The phosphorus and nitrogen nutrition of bambara groundnut (Vigna subterranea (L.) Verdc.) in Botswana soils : an exploratory study

G.M. Ramolemana

Research output: Thesisinternal PhD, WU


Bambara groundnut (Vigna subterranea (L.) Verdec.) is a legume crop grown especially by small farmers mainly in semi-arid parts of Africa both in mixed cultivation and pure stands. It is considered as a hardy crop because of its drought tolerance, resistance to pests and diseases and ability to yield on chemically poor soils. The crop produces edible seeds which can be eaten unripe or stored as dried pulse for later consumption. In Botswana it is grown under semi-arid conditions by small farmers as a minor crop. Attempts have been made to increase the bambara groundnut yield through application of nutrients and improvement of the nitrogen-fixing capacity.

This research has not been undertaken systematically and especially the responses to P and N fertilizers did not show a clear pattern. Given the low available P levels and the limited N supply in Botswana soils, a research programme was undertaken to investigate the P and N nutrition of bambara groundnut. The main objectives of the study were:(i) to investigate the effects of applied P and N on growth and development of bambara groundnut in Botswana soils, and (ii) to investigate the P and N uptake, shoot concentrations at different growth and development stages of bambara groundnut and (iii) how uptake, internal concentration and growth are related. The experimental programme consisted of five pot experiments and a large field experiment with P and irrigation as treatments in which bambara groundnut was grown on a representative low P soil.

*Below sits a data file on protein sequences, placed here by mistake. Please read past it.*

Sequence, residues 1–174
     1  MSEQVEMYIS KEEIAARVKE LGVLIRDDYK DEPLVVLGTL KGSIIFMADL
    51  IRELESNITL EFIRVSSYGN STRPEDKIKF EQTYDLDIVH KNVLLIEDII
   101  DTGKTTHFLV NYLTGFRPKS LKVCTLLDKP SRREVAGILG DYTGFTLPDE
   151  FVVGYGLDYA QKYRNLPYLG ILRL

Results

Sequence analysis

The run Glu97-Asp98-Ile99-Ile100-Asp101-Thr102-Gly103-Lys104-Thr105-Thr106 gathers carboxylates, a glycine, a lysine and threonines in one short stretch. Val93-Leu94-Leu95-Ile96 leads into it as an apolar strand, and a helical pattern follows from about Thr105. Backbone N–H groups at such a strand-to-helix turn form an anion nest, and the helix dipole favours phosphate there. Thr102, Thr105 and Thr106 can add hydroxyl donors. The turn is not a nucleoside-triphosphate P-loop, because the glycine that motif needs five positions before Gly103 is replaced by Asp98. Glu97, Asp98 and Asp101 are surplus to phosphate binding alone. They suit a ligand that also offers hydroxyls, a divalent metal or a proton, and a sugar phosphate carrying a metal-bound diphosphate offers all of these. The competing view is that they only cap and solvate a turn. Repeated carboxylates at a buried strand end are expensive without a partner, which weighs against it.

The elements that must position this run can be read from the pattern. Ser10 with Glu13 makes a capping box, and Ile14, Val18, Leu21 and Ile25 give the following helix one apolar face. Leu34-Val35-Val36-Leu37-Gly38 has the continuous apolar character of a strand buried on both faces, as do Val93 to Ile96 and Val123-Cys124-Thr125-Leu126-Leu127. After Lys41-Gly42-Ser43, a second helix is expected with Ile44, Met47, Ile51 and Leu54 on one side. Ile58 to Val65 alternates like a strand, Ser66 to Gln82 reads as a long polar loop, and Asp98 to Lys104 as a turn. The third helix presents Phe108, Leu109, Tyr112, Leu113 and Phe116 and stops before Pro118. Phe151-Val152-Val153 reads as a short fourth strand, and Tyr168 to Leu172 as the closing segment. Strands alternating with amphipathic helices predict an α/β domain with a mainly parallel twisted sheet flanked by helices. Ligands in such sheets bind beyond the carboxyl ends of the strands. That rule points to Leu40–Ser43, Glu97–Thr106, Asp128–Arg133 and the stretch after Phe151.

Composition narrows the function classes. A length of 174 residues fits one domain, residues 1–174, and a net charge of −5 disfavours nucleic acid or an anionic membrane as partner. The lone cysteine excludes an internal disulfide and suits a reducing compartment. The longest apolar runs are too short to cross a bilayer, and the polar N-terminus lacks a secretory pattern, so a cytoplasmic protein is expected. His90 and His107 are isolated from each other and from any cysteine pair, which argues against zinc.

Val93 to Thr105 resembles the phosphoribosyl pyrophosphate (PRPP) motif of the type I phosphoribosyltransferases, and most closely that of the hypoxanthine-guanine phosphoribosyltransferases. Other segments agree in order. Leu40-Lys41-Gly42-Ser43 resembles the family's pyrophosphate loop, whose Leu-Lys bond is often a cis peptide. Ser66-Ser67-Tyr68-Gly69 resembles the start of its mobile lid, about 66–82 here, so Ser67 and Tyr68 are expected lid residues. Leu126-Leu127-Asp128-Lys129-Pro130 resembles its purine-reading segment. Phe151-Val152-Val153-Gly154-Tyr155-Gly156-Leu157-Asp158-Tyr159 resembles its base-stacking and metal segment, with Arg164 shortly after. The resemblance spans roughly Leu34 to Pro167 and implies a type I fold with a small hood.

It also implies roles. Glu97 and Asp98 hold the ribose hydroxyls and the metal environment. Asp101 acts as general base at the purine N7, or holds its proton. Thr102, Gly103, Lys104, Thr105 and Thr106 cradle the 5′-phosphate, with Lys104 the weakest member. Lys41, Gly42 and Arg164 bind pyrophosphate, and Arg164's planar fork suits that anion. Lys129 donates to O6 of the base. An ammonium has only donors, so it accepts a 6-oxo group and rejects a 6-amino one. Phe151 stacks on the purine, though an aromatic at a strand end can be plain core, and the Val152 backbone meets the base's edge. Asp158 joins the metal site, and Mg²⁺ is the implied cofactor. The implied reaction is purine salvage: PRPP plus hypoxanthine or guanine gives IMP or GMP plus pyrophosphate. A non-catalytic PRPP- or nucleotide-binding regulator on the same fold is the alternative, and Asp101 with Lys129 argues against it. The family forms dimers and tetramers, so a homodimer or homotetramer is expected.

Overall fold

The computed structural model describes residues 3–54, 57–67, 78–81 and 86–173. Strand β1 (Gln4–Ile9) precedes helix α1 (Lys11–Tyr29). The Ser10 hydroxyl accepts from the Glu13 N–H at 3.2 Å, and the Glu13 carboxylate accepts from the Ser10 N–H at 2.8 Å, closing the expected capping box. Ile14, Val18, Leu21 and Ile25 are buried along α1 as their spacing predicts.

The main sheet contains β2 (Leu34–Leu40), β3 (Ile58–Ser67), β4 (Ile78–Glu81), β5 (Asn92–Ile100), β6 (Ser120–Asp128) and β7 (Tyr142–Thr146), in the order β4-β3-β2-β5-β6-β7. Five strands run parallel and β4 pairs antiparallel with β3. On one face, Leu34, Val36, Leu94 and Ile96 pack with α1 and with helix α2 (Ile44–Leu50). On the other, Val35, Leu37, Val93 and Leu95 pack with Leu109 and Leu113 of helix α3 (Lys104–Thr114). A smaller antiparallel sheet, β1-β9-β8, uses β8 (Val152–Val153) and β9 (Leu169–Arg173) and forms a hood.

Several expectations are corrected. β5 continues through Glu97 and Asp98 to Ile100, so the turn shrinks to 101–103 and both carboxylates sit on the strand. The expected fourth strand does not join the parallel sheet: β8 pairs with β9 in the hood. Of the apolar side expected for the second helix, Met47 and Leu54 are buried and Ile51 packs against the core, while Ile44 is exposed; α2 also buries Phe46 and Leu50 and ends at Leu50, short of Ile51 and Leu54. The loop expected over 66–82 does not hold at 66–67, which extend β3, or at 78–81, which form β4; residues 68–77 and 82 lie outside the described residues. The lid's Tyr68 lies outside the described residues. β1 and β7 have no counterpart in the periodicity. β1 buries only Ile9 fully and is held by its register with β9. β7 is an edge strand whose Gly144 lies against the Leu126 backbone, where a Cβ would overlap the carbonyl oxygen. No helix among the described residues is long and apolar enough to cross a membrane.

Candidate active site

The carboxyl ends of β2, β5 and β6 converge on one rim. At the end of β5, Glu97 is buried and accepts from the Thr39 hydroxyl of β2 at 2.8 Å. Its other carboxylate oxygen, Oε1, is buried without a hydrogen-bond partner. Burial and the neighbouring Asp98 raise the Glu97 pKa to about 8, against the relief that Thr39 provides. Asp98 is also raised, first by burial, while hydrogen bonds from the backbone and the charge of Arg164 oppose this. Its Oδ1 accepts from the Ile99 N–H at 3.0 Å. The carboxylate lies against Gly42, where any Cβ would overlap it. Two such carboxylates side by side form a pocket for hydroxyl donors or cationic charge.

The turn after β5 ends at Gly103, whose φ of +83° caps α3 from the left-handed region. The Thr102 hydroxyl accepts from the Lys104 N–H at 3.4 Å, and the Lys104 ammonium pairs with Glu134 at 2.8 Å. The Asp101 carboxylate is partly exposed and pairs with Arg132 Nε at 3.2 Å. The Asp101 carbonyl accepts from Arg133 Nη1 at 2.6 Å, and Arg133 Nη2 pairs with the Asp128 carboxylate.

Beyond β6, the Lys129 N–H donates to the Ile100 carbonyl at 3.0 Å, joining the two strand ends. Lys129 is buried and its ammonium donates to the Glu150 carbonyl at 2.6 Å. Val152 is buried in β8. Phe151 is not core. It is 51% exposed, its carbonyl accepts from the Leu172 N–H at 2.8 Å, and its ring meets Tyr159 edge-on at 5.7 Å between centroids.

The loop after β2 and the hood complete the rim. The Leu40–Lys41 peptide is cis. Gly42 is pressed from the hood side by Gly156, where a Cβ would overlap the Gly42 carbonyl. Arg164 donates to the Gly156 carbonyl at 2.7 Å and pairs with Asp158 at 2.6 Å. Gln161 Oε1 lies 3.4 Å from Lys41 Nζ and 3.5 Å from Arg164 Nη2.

In addition a sand culture experiment was conducted to establish the critical P concentration in bambara groundnut shoots. The critical P levels were subsequently used to determine the P status of bambara groundnut plants in farmers' fields.

In Chapter 2 the question was whether bambara groundnut will respond to P fertilization in a P-poor soil in the absence and presence of added Rhizobium inoculum, whether bambara groundnut selections are different with respect to P nutrition, and whether soil moisture level under field conditions limits P uptake. In a preliminary pot experiment, which was terminated at flowering (51 days after sowing; DAS), the response of bambara groundnut shoot dry matter (DM) to P fertilization (fertilizer ground and thoroughly mixed with the soil) was positive and linear. There was no effect of P fertilization on nodulation both in the absence and presence of added inoculum. Leaf blade P and N concentrations were not affected by P fertilization.

The two selections showed basically the same response to P fertilization. The indigenous rhizobia seemed to be sufficiently effective in nodulating bambara groundnut. In the field, P fertilization (fertilizer broadcast after ploughing and worked into the soil with a digging fork) had no effect on bambara groundnut plants, while irrigation increased all plant growth parameters except root DM. Total seed yield was 2.8 t and 4.2 t ha -1for rainfed and irrigated treatments, respectively. Leaf blade P and N concentrations were not affected neither by P fertilization nor by soil moisture content.

However, irrigation increased the uptake of P. Evidently, part of the P pool present in the soil becomes available under improved soil moisture conditions, probably due to improved P diffusion to the roots. The lack of response to applied P in the field experiment with a low P soil might imply that when root growth is not restricted by soil volume as is the case in pot experiments, available soil P was enough to meet the P requirements of bambara groundnut. This could mean that compared to other crops like cereals bambara groundnut has a low P requirement possibly combined with a high P efficiency.